Persistent games vs. the backlog: an ongoing struggle

May 28, 2015


There is a constant struggle I face whenever I sit down to play a game. It gnaws at me, and sometimes even paralyzes me into a mental state in which I’m unable to play anything. I constantly fight the battle in my head: do I want to play something from my current backlog of games or spend more time in a persistent game world? The current games battling for my attention are Final Fantasy XIV and Hearthstone, but with a recent upswing in my time playing Heroes of the Storm (recently released into open beta), my problem just keeps getting worse.

I really enjoy staying on top of the current “scene.” I like to be able to play the newest releases and discuss them with others while they’re fresh. If a game has a multiplayer component, I want to experience it before the casual players have left and all that remains are the hardcore who will destroy me. Even worse, I fear that, if I don’t pick up and play a game before it’s too late, there may be no one left to play with online at all. Also: spoilers drive me insane. The emotional impact of a game is severely lessened by the fact that, despite my best efforts, I come across a major plot element before playing.


There are, of course, games that fall through the cracks. Games which, for one reason or another, I never get a chance to play. Take the Metal Gear Solid series, which I just picked up and started playing this year. With The Phantom Pain coming out later this year, I want to catch up and experience the conclusion to this story with the rest of the world, and so I’ve started playing through the first titles in the series for the very first time. (Luckily, spoilers for this series seem to make no freaking sense out of context, so I think I’m safe.) Crossing games off my backlog and trying to experience most of the major titles in gaming’s history is another big goal for me, and so having the opportunity to do this feels important.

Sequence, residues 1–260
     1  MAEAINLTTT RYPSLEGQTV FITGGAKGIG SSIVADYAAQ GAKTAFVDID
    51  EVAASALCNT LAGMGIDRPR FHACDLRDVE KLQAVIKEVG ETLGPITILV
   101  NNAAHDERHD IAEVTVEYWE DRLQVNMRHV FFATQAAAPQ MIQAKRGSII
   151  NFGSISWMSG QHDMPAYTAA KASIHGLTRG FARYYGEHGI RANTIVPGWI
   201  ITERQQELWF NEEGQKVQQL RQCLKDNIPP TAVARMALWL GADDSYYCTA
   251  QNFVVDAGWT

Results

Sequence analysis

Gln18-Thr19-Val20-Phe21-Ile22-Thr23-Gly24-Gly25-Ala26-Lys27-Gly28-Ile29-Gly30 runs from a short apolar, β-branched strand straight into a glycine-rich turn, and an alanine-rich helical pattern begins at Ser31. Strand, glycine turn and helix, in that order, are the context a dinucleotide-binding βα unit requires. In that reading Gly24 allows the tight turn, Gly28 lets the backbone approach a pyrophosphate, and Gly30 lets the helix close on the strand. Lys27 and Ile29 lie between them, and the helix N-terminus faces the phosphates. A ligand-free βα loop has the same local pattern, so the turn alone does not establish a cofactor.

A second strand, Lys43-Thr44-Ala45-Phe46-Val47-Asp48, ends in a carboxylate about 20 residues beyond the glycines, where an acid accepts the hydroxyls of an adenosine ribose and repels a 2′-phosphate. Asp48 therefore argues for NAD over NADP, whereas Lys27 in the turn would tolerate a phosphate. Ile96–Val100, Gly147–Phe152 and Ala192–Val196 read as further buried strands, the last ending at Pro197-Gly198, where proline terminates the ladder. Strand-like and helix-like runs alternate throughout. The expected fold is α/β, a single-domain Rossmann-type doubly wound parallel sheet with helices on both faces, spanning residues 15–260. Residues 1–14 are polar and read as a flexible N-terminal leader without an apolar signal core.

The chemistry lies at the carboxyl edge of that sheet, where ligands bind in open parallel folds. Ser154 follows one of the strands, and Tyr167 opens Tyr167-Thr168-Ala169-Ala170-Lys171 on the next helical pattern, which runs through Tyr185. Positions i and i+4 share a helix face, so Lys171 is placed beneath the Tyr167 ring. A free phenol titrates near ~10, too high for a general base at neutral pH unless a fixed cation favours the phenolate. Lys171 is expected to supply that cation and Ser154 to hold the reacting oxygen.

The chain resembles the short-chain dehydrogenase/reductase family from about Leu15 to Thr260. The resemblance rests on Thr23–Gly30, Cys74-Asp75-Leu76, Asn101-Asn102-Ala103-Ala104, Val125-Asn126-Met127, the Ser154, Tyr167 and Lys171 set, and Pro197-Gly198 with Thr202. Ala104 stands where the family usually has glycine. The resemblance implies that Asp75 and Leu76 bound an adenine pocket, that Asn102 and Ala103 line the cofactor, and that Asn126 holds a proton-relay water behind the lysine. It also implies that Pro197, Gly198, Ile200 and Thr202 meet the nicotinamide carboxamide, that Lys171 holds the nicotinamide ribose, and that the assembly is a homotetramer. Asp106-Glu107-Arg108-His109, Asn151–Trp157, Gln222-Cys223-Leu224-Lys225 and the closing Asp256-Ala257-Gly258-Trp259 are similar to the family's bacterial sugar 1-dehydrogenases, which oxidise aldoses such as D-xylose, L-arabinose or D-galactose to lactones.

In seemingly direct opposition to picking up a new game from the backlog is my enjoyment of persistent games. These are titles in which the game never has an “ending,” and instead invites me to continue experiencing it for long periods after it releases. MMOs are exactly this style of game of course, but so also are games with a huge competitive multiplayer scene. I stayed pretty far away from League of Legends as it rose in popularity, primarily due to a desire to not lose myself in it when I can’t “make progress” through my collection. I also quit MMOs in a panic when I see a rising collection of games I haven’t had time to play. Both of these concerns have actually kept me from things I think I would love to have lost myself in, but I just never let myself go due to my other “obligations.”

Within the last year, I’ve thrown caution to the wind. I have invested myself heavily in an MMO, Final Fantasy XIV, as well as a competitive multiplayer title, Hearthstone. Early previews of both of these games appealed to me, and I didn’t want to miss out like I felt like I had with League, Dota 2 and World of Warcraft. So I dove in, and as might be expected, found that I loved it. (Hearthstone was actually my game of the year for 2014.).But spending time in these game worlds meant missing out on other titles, and this became very apparent to me as I reflected on all the games released in the past year that I hadn’t had the chance to play.